Journalism By the People and For the People

How can a normal, average person all of a sudden become a journalist out of the blue? That is a great question but that is what citizen journalism is all about. This week in Journalism 2.0, we spoke about the topic of citizen journalism and its origins. Citizen Journalism can be defined as “a citizen with an active role in different processes such as picking up news, analysis, and spreading news and information”. For example, a citizen journalist can be a person who takes a firsthand photograph of a monumental event and then this photo is used for journalism purposes and is published.

One of the first uses of citizen journalism was when a plane landed in the Hudson River in New York City. A man took a photo of this landing and immediately posted the photograph of the U.S. Airways flight in the water onto Twitter. This photo became an iconic image and was retweeted and posted on different news sources’ websites such as CNN. This was epic as an everyday man who was not getting paid, was having his photograph published.

Plane in Hudson

While citizen journalism is definitely a cool and interesting concept as an everyday person can have their work shown, there are also some negative aspects. In my opinion, a citizen journalist should be compensated in some way. Although they are not working for a news outlet, it is ridiculous that they should not be paid some amount of money for the picture that they took and that is now being posted on various news outlets.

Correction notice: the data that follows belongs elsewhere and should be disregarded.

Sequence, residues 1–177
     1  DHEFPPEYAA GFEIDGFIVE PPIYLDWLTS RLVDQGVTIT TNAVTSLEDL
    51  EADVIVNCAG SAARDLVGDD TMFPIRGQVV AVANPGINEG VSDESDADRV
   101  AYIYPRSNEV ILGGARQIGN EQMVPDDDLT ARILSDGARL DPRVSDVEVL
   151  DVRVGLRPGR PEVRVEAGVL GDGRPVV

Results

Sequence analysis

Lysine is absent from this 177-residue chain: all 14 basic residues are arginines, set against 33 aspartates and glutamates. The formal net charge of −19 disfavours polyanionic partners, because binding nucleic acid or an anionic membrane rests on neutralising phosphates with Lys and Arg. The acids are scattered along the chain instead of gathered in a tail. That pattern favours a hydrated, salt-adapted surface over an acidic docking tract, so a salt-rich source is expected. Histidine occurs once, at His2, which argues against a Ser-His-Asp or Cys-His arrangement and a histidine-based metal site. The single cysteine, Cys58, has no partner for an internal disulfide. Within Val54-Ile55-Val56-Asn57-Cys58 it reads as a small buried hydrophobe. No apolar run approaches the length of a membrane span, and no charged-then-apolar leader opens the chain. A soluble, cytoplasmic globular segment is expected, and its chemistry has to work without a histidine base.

On the other hand though, citizen journalism gives average people the opportunity to have their work published. Because of this, this could lead to a citizen journalist getting discovered and ultimately having their work published in a news source and now being paid!

My opinions aside, there have been many beneficial and rather monumental events that have been covered by citizen journalists. For example, the tsunami in Asia was photographed and covered by citizen journalists who resided there. tsunamiThis was how initial information about the storm was communicated to the world and thus then covered by news outlets around the world. Additionally, these firsthand accounts were extremely beneficial in that they helped the victims receive aid much faster as people began to realize the severity of the storm. This was also the case with the attacks of 9/11 in New York City as many people posted various stories whether it be on blogs or freelance in newspapers about their experiences on this frightening day.

More recently, the Boston Marathon Bombings were covered by citizen journalism. In this case though, there were some false accusations that erupted because of the photographs and accounts published by citizen journalists. People began to accuse random, average people on the streets, who were simply watching the race, of being the bombers just because they were wearing backpacks. This was extremely unfair but one could also say that it was citizen journalism that led to the capture of the terrorists who carried out these horrendous acts.

Citizen journalism is an extremely interesting topic to not only learn about but also possibly to become involved in. I honestly would not care whether or not I was compensated for a photograph ever, unless the photograph was being posted on various news outlets and throughout articles. This up and coming field of citizen journalism has a lot to offer for those who simply love to write or take photographs and have an event that gives them the opportunity to do so.

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